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BMC Cancer. 2010; 10: 149.
Published online 2010 April 19. doi:  10.1186/1471-2407-10-149
PMCID: PMC2861660

Low aerobic mitochondrial energy metabolism in poorly- or undifferentiated neuroblastoma

Abstract

Background

Succinate dehydrogenase (SDH) has been associated with carcinogenesis in pheochromocytoma and paraganglioma. In the present study we investigated components of the oxidative phosphorylation system in human neuroblastoma tissue samples.

Methods

Spectrophotometric measurements, immunohistochemical analysis and Western blot analysis were used to characterize the aerobic mitochondrial energy metabolism in neuroblastomas (NB).

Results

Compared to mitochondrial citrate synthase, SDH activity was severely reduced in NB (n = 14) versus kidney tissue. However no pathogenic mutations could be identified in any of the four subunits of SDH. Furthermore, no genetic alterations could be identified in the two novel SDH assembly factors SDHAF1 and SDH5. Alterations in genes encoding nfs-1, frataxin and isd-11 that could lead to a diminished SDH activity have not been detected in NB.

Conclusion

Because downregulation of other complexes of the oxidative phosphorylation system was also observed, a more generalized reduction of mitochondrial respiration seems to be present in neuroblastoma in contrast to the single enzyme defect found in hereditary pheochromocytomas.

Background

According to the International Neuroblastoma (NB) Pathology Classification, NBs are defined as embryonal tumors of the sympathetic nervous system, derive from the neural crest and arise in the adrenal medulla, paravertebral sympathetic ganglia, and sympathetic paraganglia [1]. Paraganglioma and pheochromocytoma are histologically related to NB as they are all neural crest derived. NBs mainly consist of immature neuroblasts, whereas pheochromocytomas and paragangliomas contain mature chromaffin cells.

Pheochromocytomas and paragangliomas frequently exhibit mutations in the succinate dehydrogenase (SDH) subunits SDHB, SDHC, SDHD indicating that these SDH subunits act as tumor suppressors in neuroendocrine tissues [2]. The SDH complex is composed of four subunits and contains a flavin molecule (FAD), non-heme iron centers and a b-type cytochrome as prosthetic groups. The complex is anchored by a large SDHC and a small SDHD subunit that together comprise the membrane-spanning heme protein cyt b [3]. In addition, two assembly factors of SDH SDHAF1 and SDH5 have been reported recently. SDH5 is a gene required for flavination of SDH [4]. Pathogenic mutations in SDH5 have been identified in paragangliomas [5].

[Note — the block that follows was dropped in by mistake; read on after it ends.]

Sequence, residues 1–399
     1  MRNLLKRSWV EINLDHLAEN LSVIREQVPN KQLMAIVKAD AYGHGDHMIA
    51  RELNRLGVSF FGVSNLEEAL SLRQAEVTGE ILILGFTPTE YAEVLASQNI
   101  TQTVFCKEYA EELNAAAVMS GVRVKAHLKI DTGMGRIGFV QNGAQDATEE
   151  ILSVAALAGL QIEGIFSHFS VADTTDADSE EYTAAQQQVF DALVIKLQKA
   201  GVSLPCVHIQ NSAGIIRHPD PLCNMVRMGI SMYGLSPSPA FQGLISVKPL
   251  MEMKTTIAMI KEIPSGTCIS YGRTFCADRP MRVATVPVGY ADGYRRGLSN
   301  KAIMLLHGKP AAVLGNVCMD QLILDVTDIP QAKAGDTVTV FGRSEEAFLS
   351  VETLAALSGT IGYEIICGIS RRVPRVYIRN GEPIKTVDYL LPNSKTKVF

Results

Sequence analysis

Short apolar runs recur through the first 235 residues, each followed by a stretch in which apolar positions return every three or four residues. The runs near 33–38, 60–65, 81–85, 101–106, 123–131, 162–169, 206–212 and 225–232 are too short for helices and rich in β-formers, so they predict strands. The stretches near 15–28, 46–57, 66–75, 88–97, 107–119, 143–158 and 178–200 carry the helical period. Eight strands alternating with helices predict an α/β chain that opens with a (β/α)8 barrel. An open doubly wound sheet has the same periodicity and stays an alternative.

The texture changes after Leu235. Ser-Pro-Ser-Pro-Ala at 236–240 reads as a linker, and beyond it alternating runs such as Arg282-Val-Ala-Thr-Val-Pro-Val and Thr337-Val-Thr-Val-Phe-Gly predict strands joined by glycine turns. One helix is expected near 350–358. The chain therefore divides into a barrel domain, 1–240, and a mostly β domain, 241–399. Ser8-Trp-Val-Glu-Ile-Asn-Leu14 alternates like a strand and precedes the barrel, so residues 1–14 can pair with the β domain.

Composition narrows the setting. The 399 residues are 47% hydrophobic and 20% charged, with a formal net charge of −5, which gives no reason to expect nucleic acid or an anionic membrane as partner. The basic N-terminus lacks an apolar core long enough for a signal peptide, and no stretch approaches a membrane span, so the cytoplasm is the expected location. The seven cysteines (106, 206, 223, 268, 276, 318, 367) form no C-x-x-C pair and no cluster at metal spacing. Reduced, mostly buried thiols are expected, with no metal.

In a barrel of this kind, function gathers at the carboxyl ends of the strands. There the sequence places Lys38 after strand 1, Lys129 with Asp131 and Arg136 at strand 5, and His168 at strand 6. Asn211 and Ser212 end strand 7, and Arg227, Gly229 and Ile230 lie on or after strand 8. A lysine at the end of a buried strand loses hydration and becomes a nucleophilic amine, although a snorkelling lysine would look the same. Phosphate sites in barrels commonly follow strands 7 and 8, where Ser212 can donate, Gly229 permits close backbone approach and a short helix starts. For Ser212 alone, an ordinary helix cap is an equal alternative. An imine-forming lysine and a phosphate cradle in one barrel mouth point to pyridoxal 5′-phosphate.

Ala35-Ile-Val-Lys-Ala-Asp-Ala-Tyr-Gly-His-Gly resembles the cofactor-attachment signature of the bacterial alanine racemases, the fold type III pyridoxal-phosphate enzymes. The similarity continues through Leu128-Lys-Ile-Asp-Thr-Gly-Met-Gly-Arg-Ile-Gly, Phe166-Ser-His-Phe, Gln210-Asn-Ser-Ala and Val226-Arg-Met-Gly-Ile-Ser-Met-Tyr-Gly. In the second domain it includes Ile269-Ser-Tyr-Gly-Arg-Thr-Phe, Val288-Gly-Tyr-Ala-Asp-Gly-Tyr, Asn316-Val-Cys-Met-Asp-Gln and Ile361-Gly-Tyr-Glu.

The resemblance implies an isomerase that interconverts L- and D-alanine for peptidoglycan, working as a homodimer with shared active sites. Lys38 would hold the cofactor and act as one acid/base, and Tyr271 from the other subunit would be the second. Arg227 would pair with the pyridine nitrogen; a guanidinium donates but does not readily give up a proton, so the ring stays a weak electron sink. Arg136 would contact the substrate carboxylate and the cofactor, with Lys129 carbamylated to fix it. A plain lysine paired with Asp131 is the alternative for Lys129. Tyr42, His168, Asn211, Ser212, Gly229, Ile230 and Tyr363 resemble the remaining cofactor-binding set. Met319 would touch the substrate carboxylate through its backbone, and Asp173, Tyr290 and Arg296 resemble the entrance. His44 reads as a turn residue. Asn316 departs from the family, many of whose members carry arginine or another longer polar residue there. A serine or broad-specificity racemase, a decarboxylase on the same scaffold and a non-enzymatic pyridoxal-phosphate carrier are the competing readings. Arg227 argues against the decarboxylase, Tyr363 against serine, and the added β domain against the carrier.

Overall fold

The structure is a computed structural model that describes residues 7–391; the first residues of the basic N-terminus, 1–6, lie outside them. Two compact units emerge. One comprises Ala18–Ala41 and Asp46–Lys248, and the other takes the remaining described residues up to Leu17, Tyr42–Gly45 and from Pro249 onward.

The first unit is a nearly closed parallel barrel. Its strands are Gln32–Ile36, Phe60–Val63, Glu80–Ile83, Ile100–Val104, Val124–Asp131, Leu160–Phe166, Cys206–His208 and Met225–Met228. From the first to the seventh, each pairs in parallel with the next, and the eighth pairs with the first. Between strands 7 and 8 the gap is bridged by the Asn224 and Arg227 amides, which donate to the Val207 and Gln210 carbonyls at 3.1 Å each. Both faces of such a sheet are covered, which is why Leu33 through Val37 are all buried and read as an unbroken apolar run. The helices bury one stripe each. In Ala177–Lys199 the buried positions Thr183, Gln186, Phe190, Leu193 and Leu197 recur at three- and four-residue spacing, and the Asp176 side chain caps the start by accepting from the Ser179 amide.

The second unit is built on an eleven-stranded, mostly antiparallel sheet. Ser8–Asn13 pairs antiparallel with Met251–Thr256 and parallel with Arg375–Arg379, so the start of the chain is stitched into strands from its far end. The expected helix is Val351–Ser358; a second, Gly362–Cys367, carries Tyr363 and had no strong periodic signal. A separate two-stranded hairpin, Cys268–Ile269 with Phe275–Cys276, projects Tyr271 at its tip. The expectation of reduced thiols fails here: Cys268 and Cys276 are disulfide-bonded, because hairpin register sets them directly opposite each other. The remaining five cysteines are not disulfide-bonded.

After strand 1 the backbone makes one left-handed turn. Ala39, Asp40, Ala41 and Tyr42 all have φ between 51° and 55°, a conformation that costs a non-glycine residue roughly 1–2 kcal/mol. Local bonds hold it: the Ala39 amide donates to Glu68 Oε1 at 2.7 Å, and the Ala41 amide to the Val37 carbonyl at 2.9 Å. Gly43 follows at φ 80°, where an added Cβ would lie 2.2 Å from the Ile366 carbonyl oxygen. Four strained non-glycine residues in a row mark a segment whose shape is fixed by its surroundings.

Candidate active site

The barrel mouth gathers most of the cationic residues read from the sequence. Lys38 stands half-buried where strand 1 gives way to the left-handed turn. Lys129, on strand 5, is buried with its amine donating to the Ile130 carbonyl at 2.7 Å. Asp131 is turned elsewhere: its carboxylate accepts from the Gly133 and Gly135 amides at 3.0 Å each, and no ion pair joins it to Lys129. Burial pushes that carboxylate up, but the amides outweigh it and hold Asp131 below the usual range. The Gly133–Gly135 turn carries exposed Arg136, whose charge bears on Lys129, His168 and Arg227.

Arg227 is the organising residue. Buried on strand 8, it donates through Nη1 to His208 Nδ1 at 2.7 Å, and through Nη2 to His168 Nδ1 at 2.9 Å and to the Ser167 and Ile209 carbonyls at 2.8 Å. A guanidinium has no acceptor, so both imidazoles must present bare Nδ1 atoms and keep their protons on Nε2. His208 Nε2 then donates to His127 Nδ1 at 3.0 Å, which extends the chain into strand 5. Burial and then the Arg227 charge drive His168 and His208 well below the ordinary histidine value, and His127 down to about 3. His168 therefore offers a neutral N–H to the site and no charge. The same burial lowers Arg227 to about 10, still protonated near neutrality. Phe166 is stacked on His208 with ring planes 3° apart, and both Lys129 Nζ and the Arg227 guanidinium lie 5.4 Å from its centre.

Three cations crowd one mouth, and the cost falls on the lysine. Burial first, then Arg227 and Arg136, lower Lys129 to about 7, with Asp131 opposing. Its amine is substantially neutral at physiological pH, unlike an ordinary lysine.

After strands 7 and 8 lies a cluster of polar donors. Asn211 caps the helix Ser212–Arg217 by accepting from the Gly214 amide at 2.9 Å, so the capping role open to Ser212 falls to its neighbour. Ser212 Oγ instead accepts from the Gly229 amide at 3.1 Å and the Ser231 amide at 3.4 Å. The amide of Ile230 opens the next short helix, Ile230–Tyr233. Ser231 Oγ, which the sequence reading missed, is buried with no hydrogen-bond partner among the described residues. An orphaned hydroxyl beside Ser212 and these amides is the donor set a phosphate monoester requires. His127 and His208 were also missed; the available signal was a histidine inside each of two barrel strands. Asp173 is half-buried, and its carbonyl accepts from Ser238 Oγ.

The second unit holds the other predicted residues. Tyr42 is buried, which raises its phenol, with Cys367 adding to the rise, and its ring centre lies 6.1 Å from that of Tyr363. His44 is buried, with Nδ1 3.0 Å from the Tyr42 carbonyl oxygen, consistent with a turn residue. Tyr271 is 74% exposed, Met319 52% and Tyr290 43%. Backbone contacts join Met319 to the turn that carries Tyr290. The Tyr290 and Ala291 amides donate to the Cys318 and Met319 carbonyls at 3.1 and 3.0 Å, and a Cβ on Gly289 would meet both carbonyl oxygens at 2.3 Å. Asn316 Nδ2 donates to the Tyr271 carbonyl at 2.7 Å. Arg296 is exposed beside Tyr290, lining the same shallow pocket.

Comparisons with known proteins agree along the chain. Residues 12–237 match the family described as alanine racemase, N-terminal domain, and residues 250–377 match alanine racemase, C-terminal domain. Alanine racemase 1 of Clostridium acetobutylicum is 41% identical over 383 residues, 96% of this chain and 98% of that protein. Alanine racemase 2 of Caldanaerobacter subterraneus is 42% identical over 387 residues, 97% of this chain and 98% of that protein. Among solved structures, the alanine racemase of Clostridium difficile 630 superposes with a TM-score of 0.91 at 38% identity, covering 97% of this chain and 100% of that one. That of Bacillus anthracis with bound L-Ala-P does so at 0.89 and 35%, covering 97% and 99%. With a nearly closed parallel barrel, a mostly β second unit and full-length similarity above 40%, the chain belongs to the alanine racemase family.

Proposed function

Mutations in the PHOX2B and anaplastic lymphoma kinase (ALK) genes are linked to a predisposition for neuroblastoma [6-10]. Mutations in PHOX2B have been found in a minority of familial neuroblastoma cases. So far no clear link to the energy metabolism has been demonstrated for these two genes.

Mutations in the VHL gene cause von Hippel-Lindau disease, a dominantly inherited familial cancer syndrome predisposing to a variety of malignant and benign neoplasms, including clear cell renal carcinoma and pheochromocytoma [11-13]. Loss of VHL protein in tumors results in an accumulation of hypoxia-inducible factor-1α (HIF-1α) during normoxia. Such accumulation of HIF-1α in turn induces expression of various genes containing hypoxia-responsive elements, thereby decreasing the expression of components of aerobic energy metabolism [14-17]. Accordingly, not only is SDHB protein suppressed in tumors with mutations in SDHB and SDHD, but also in a subset of tumors with VHL mutations which act through HIF1α [18,19]. In addition, alterations of proteins involved in Fe-S cluster biogenesis, including Nitrogen fixation-1 homolog (nfs-1), LYR motif containing 4 (LYRM4; isd11), and frataxin, can lead to a reduction of SDH activity [20-24]. For example, disrupted expression of frataxin in murine hepatocytes causes decreased oxidative phosphorylation (OXPHOS) paralleled by reduced activity of iron-sulfur cluster-containing proteins [20]. During the process of OXPHOS ATP is formed as electrons are transferred from NADH or FADH2 to molecular oxygen (O2) by a series of electron carriers. The energy released by catabolic biochemical processes, such as glycolysis, citric acid cycle, and fatty acid oxidation is stored as the reduced coenzymes NADH or FADH2. There is a step by step transfer of electrons from NADH or FADH2 to specific protein complexes, which are part of the electron transport chain. Electrons are transferred from these reduced equivalents, through the electron transport chain (ETC), to O2. The ETC consists of four multisubunit complexes namely complex I - IV. SDH is both part of the ETC as well as the citric acid cycle. The liberated energy is used to create a proton gradient over the inner mitochondrial membrane. In the final reaction of OXPHOS, the reflux of protons is used by the complex V (ATP synthase) to produce ATP.